Growing up in the Philippines I was surrounded by very strong women in leadership positions. The Philippines is described as a nation of driven women, who directly and indirectly run the family unit, businesses, government agencies and haciendas, or plantation estates. You have to remember, we’ve had two women presidents, one of whom is a hero of mine, Corazon Aquino. Thus, I was brought up to believe that it was natural for women to be leaders in all facets of society.
However, I also became aware of poverty and the great inequality that surrounded me at a very early age. The Philippines has one of the highest rates of income inequality in the world. Close to 20% of the population or about 20 million people, live under the poverty line.
Additionally, the Philippines is one of the most hazard-exposed countries in the world.
The country is especially vulnerable to the impacts of natural disasters and climate change, because of its location on the Pacific Ring of Fire, making it prone to earthquakes and volcanic eruptions caused by the movement of tectonic plates. Thus, every time a natural disaster hits, it completely devastates poor populations in particular.
You describe your childhood in the Philippines as an idyllic period against a turbulent political backdrop. Can you share a bit more about this?
In 1983, following the assassination of the foremost critic of the Marcos dictatorship, Ninoy Aquino, upon his return to the country after three years of exile in the United States, political turmoil started to mount. By 1986, millions of Filipinos took to the streets to overthrow the corrupt and brutal regime of President Ferdinand Marcos. It was called the People Power Revolution. President Marcos and his wife, Imelda, had ruled the Philippines for twenty years. Following the murder of Ninoy Aquino, a huge opposition movement rallied around his widow, Cory Aquino. She stood against Marcos in a snap presidential election that same year, but when Marcos was declared the winner amid massive electoral fraud, huge protests began.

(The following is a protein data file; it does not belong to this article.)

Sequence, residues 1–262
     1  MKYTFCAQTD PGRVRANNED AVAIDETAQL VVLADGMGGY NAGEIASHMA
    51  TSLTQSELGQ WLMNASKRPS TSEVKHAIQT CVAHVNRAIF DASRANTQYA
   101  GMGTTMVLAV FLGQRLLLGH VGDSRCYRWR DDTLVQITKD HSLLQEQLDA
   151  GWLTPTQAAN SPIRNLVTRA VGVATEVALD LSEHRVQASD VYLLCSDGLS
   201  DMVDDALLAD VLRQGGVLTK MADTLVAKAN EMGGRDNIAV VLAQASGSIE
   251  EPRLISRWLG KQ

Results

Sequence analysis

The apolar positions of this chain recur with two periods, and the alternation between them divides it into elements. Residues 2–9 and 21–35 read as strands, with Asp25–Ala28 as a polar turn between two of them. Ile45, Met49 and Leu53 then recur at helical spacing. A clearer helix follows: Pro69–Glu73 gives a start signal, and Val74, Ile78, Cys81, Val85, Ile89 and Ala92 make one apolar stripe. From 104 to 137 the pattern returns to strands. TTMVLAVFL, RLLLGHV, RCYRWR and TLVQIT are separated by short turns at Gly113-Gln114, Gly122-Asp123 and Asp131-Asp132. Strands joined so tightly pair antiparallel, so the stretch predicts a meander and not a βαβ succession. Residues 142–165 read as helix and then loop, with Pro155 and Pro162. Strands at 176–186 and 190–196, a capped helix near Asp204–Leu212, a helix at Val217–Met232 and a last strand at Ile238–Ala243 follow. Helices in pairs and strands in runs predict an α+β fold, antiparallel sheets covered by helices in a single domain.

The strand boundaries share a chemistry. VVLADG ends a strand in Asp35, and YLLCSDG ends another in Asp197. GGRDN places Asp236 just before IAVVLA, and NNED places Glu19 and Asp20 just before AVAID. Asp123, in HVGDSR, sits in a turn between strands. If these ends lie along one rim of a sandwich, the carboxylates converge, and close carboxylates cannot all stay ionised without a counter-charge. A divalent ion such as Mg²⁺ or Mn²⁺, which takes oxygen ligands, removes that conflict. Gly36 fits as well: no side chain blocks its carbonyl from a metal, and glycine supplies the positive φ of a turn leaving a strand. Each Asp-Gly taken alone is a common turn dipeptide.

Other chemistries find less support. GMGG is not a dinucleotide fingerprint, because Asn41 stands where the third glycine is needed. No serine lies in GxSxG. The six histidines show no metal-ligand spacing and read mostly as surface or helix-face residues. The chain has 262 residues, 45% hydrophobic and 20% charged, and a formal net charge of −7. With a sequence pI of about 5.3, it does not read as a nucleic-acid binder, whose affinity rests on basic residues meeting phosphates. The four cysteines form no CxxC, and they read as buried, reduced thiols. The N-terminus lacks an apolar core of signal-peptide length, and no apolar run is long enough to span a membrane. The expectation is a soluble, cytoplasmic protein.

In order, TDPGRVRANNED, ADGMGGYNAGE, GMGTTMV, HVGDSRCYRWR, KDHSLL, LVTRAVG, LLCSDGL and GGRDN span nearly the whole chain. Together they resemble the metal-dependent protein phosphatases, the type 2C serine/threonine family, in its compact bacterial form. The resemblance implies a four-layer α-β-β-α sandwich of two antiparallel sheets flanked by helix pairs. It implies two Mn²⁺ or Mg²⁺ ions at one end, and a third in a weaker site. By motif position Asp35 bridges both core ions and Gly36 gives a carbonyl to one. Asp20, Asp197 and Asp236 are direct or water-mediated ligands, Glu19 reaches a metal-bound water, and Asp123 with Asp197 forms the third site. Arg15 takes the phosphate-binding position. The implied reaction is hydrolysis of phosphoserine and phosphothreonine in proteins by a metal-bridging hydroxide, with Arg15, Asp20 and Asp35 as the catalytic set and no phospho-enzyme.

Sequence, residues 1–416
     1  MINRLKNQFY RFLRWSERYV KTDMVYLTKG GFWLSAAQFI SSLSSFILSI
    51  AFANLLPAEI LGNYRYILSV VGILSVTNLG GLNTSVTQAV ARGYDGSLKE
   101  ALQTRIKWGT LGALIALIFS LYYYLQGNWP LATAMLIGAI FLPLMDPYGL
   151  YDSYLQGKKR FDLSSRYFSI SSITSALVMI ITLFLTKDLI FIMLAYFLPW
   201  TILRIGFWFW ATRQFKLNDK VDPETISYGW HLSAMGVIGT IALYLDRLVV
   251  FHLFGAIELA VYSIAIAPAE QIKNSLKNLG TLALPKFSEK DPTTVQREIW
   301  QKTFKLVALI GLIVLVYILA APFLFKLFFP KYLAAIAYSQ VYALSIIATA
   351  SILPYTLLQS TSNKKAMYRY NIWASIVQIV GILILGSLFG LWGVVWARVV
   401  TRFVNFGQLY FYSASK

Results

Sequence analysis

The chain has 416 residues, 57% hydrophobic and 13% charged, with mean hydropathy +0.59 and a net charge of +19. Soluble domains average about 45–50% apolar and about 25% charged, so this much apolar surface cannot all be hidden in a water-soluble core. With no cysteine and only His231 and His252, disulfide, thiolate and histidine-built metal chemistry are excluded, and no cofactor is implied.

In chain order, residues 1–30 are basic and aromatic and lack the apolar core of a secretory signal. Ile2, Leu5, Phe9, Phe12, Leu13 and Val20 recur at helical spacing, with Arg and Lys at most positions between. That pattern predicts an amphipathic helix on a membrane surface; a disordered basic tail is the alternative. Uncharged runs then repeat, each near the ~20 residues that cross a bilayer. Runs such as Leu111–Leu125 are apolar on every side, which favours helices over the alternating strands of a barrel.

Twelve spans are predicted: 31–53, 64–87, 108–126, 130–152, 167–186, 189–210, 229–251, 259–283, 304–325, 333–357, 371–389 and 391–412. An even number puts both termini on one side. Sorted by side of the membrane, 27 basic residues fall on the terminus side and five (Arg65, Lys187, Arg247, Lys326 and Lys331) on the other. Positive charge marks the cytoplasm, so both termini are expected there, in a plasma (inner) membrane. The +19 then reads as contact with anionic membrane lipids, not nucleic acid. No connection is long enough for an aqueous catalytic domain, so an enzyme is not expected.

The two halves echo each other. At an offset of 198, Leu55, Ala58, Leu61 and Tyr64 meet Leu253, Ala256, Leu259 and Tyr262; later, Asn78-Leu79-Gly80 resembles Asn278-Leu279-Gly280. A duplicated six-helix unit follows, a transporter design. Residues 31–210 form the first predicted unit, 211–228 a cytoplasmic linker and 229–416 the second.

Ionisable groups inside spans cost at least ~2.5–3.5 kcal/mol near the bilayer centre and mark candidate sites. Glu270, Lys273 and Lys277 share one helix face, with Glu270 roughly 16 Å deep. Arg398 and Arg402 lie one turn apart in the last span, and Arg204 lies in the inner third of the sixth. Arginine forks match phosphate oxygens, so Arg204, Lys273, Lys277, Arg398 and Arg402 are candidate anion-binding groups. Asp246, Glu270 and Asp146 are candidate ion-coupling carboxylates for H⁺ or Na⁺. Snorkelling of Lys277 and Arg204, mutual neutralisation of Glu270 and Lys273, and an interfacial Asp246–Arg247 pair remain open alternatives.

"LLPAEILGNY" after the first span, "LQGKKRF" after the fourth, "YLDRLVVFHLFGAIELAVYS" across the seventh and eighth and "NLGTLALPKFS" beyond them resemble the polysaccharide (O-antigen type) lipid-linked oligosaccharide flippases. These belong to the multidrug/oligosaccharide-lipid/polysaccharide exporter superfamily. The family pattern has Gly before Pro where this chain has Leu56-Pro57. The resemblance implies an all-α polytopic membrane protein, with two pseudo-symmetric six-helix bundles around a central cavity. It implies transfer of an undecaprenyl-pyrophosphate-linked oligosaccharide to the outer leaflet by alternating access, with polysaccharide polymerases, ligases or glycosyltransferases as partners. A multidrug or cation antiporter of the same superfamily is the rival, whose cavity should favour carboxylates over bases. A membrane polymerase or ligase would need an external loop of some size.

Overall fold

I was a teen at the time and I could not believe this was happening so close to us. Schools were shut for a couple of weeks and, at first, we were thrilled to be at home for this enforced holiday; that is until the fighting began in the streets of our neighbourhood in Makati, near the central business district of Manila, where we lived within a gated community of residences. We could hear gunshots close by and were told to remain on the ground floor of our home, as a safety precaution. I felt anxious because my father was away on a business trip in Tokyo at the time and was unable to return home to us because Manila International Airport was shut. The phone lines were down, the roads were blocked and all supply chains were affected.